Senate May Ram Copyright Bill- one of the most depressing stories of the day that didn't involve death or bombs. It's the music and movie industries' wet dream. It criminalizes peer-to-peer software makers, allows the government to file civil lawsuits on behalf of these media industries, and eliminates fair use. Fair use is the idea that I can use a snippet of a copyrighted work for educational, political, or satirical purposes, without getting permission from the copyright-holder first.

And most tellingly, the bill legalizes technology that would automatically skip over "obejctionable content" (i.e. sex and violence) in a DVD, but bans devices that would automatically skip over commericals. This is a blatant, blatant, blatant gift to the movie industry. Fuck the movie industry, fuck the music industry, fuck the Senate.

Music industry aims to send in radio cops- the recording industry says that you're not allowed to record songs off the radio, be it real radio or internet radio. And now they're working on preventing you from recording songs off internet radio through a mixture of law and technological repression (although I imagine their techno-fixes will get hacked pretty quickly).

The shocking truth about the FCC: Censorship by the tyranny of the few- blogger Jeff Jarvis discovers that the recent $1.2 million FCC fine against a sex scene in Fox's "Married By America" TV show was not levied because hundreds of people wrote the FCC and complained. It was not because 159 people wrote in and complained (which is the FCC's current rationale). No, thanks to Jarvis' FOIA request, we find that only 23 people (of the show's several million viewers) wrote in and complained. On top of that, he finds that 21 of those letters were just copy-and-paste email jobs that some people attached their names to. Jarvis then spins this a bit by saying that "only 3" people actually wrote letters to the FCC, which is misleading but technically true. So somewhere between 3 and 23 angry people can determine what you can't see on television. Good to know.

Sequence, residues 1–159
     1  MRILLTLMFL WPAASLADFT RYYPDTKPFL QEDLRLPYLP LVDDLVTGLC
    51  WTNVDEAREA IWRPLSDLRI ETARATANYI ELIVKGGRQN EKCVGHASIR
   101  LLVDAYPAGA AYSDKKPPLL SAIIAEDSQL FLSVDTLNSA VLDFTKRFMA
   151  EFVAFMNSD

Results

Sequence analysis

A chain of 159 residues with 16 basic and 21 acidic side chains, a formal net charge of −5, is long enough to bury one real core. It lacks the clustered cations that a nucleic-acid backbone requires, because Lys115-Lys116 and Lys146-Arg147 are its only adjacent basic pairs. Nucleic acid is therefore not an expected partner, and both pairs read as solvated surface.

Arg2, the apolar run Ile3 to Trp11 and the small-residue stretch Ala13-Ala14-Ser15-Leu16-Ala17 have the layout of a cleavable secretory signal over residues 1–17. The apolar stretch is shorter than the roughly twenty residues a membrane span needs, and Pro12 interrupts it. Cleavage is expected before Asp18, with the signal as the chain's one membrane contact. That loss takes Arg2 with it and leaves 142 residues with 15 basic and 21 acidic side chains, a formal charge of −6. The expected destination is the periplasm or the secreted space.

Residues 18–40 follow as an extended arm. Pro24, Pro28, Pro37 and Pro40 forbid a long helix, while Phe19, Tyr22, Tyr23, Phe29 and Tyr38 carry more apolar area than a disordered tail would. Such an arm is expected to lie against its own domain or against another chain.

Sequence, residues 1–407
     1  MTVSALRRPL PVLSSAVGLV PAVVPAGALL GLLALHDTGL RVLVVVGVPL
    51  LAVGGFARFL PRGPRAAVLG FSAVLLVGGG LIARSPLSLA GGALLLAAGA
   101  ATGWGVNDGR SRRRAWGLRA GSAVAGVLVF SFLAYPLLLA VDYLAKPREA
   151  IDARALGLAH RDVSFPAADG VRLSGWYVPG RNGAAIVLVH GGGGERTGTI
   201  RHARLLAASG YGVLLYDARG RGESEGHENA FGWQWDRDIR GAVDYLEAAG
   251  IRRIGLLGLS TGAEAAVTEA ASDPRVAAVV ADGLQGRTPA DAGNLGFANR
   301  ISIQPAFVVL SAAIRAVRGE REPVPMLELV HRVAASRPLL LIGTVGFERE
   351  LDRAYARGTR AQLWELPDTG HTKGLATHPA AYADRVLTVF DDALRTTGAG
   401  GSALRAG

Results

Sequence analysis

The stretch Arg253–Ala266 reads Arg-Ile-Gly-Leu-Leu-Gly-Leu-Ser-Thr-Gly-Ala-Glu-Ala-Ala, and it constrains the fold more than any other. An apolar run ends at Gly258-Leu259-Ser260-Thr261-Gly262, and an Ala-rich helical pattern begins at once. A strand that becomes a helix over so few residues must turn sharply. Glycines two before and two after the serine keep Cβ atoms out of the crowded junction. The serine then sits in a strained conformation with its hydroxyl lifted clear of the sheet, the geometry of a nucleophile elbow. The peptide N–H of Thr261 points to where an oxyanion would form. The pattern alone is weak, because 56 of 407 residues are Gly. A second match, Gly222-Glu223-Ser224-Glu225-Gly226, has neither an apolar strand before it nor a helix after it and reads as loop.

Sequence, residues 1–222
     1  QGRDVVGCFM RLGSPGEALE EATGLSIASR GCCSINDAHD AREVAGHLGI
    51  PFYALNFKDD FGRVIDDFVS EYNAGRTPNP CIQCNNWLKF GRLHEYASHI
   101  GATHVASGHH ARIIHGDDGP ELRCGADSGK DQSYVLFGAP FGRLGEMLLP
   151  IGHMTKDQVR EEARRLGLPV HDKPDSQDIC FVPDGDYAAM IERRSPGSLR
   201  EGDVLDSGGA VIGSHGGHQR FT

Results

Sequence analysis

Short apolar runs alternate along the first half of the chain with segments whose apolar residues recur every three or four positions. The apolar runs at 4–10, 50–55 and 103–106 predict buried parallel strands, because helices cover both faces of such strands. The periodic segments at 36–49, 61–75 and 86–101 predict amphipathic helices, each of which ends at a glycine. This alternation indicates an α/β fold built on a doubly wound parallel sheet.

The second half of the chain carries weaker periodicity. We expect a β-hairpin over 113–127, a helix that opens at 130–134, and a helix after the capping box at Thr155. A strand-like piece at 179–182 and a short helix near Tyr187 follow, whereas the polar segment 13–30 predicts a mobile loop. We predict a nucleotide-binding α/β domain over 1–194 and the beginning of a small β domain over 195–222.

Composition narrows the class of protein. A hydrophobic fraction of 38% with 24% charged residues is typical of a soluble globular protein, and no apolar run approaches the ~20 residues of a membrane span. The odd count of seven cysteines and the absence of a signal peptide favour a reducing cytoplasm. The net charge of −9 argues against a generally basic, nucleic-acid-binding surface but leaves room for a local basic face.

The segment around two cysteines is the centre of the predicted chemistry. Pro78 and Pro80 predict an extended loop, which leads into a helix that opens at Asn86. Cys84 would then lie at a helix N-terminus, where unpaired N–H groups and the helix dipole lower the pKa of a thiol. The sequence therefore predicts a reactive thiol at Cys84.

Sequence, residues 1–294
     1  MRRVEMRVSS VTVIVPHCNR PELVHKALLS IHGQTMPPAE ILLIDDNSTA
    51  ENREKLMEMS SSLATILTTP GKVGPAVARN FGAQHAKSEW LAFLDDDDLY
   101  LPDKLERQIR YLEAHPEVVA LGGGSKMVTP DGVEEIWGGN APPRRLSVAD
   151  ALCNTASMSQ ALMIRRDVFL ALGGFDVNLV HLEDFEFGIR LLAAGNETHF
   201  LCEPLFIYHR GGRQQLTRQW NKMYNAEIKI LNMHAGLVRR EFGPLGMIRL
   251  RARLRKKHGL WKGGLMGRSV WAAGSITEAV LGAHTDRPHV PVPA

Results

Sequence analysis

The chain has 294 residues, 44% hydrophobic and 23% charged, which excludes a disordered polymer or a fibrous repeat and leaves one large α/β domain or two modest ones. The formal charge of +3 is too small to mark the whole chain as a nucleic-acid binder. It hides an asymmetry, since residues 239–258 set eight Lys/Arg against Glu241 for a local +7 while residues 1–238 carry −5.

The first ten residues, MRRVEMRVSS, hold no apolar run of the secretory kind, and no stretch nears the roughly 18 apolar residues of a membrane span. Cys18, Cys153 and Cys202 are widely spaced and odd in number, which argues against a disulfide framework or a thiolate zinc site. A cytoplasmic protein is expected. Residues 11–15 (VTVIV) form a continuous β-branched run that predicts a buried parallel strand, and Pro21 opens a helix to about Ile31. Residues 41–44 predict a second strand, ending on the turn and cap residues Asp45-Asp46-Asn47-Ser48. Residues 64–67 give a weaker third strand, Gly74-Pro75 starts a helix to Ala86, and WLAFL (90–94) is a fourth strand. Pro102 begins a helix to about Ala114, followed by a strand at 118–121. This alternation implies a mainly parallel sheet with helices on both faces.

Reuters Union Considers Striking Over Layoffs- will a strike by such a major newswire service impact the rest of the world's media?

Pentagon Starts Work On War Internet- the US military is talking about the creation of a global, wireless, satellite-aided computer network for use in battle. I think I saw a movie about this once...

Conservative host returns to the air after week suspension for using racial slur- Houston radio talk show host (and somtime Rush Limbaugh substitute) Mark Belling referred to Mexican-Americans as "wetbacks" on his show. He was suspended for a couple of weeks, and then submitted a written apology for the racial slur to a local newspaper. But he seems to be using the slur and its surrounding controversy to boost his conservative cred with his listeners.

Stay Tuned for Nudes- Cleveland TV news anchor Sharon Reed aired a story about artist Spencer Tunick, who uses large numbers of naked volunteers in his installations and photographs. The news report will be unique in that it will not blur or black-out the usual naughty bits. The story will air late at night, when it's allegedly okay with the FCC if you broadcast "indecent" material. The author of this article doesn't seem to notice that Reed first claims that this report is a publicity stunt, but then claims it's a protest against FCC repression. I'd like to think it's the latter, but I'm not that much of a sucker.

Posted by Jake at 04:02 PM | Comments (1) | TrackBack (0)